# The Pizza that Didn’t Cost US$42 Million

Today, May 22, 2018, the *crypto *world is celebrating the “Pizza Day”. 8 years ago today, the programmer Laszlo Hanyecz bought 2 pizzas for Ƀ 10.000, which means Ƀ 5.000 (five thousand Bitcoins) each.** para ler este artigo em português visite: **https://cointimes.com.br/a-pizza-que-nao-custou-155-milhoes/** **

# There comes the most common error, convert Bitcoin to Dollars or even Reais.

I live in Brazil and to illustrate the error committed here I will tell you about my trip to Orlando, Florida a few weeks ago.

In 2013, 5 years ago, I’ve travel to Orlando to visit Disney World and, of course, to shop for electronic goods.

A little before my trip, exactly April 15, 2013, I’ve bought Dollars paying R$1,99/US$ (taxes included).

When I get there I bough a water bottle at the airport at $2.12 (including taxes). If we convert my purchase to Brazilian Reais, this water bottle cost R$4,21.

I’ve travel to Miami/Orlando again a few weeks ago. At Orlando International Airport I’ve bought a water bottle, but this time I’ve paid $2,78 (taxes included).

Before converting back to Reais I must remember that I’ve chosen a bad time to travel because the conversion rate between US$/R$ is growing on a daily basis. I’ve bought Dollars at a median rate of R$3.54 (taxes included) between March 21 and Abril 23, 2018.

If we convert the water bottle to Reais, this time I’ve paid R$ 9.84 for it.

# The question is: How much have I paid for the water bottle in 2013?

And the answer, of course, can only be one: **I’ve paid R$4.21 for the water bottle!****if you prefer the value in Dollars, I’ve paid $2.12 for the water bottle.**

I haven’t paid R$7,50 for the water bottle just because today the conversion rate between US$/R$ is bigger than the first time I’ve travel in 2013.

The math that really matters is that the water bottle at the Orlando Airport had a 30% raise in 5 years, which means a 5,57% inflation per year.

If I use the same math in Reais, the annual inflation, or the loss of power to buy items using Reais at Orlando Airport, is 118,5% (yes, yearly)!

# Lets get to what brought you here: How many Bitcoins was paid for the pizza in May 22, 2013?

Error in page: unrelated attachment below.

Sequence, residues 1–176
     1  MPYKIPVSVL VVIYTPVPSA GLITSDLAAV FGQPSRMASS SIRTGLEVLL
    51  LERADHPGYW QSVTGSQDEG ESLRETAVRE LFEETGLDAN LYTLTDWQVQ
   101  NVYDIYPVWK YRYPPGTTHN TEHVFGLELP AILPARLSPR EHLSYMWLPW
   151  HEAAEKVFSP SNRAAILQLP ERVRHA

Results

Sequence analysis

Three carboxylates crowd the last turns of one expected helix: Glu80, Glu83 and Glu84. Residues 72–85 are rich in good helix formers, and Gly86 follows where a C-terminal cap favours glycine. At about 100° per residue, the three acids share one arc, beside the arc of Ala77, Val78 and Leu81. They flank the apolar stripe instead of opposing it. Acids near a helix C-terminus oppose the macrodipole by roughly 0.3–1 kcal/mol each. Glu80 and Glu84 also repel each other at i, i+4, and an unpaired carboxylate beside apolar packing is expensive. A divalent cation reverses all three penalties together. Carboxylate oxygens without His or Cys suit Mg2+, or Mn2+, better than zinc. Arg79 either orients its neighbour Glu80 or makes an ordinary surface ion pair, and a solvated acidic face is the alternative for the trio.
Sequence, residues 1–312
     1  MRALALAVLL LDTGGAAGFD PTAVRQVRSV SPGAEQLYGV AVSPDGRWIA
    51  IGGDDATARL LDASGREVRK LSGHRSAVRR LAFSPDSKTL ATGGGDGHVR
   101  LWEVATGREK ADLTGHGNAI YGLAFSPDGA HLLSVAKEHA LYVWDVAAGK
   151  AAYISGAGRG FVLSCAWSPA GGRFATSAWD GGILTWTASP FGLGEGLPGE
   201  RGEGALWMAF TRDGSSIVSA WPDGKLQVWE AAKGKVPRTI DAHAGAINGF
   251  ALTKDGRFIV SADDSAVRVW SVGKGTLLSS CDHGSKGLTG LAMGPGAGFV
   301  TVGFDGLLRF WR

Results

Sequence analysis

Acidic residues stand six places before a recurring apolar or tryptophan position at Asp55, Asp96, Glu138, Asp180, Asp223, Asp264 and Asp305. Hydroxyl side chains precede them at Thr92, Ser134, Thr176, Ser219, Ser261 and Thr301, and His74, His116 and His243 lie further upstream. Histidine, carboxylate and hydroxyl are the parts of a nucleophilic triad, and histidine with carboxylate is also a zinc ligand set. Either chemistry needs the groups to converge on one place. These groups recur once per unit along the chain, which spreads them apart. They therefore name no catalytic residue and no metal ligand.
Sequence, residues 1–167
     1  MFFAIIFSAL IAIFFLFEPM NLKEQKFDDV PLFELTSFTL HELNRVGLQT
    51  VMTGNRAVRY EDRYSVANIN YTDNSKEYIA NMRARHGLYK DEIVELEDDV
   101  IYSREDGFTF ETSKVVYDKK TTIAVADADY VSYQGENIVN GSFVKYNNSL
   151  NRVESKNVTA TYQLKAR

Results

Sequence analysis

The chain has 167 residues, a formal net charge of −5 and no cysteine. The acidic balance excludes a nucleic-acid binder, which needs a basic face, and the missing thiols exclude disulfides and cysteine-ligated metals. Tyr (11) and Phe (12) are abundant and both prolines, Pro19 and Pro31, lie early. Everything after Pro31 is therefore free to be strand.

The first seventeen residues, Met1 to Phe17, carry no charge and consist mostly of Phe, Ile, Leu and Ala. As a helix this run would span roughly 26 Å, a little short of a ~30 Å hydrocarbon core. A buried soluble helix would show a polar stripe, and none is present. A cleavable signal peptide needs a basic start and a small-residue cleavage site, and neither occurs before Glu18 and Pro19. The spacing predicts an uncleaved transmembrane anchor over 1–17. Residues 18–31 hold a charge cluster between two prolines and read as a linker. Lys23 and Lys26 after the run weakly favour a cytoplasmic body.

And of course, the answer can only be one: **One pizza costed Ƀ5.000** back then.**for those who prefer the values in Dollars, a pizza costed $12.50 (or R$23.38)**The pizza didn’t cost $42 Million neither R$155 Million.

Lets talk again about inflation.

A Pappa John’s pizza used to cost $12.50 in May 22 , 2010 and it costs about $15 today, which represents a 20% raise in 8 years, a 2,31% per year.

If we use the same math, but in Bitcoins, the pizza’s price had a drop of 2.742,34%, which means a **deflaction** of 478.41% per year, since today the same pizza would cost only Ƀ0.01823264.

# Deflaction in Bitcoin

Bitcoin is considered a *deflationary* currency. That means that, instead of being able to buy less with the same amount (like what we’ve seen before), you can buy more!

This is thanks to Bitcoin’s Monetary Base, which has an emission limit of 21 Million units that will be generated until ~2148. Besides that, every 4 years (approximately) the amount of minted coins per year is cut in half. During the first 4 years (between 2009 and 2013) 10,5 Million Bitcoins were mined. In the following 4 years (between 2013 and 2016) 5,25 Million Bitcoins was mined and between 2016 e 2020 more 2,625 Million unidades will be mined. This cut, known as ** Halving**, will continue until it’s no longer possible to mine new coins.

The fact that there a less and less new coins entering the market makes its value naturally raise given the fact that more people will look to acquire it.

The math above proves that the buying power of Bitcoin has been raising since its creation. It was possible to buy a pizza with Ƀ5.000 back in 2010. Now, 8 years later in May 22, 2018, **you could have bought 274.223 pizzas** with the same amount of coins.

**We must remember that Ƀ1 will always worth Ƀ1 and that its buying power tends to be naturally bigger thanks to the coin emission limit.**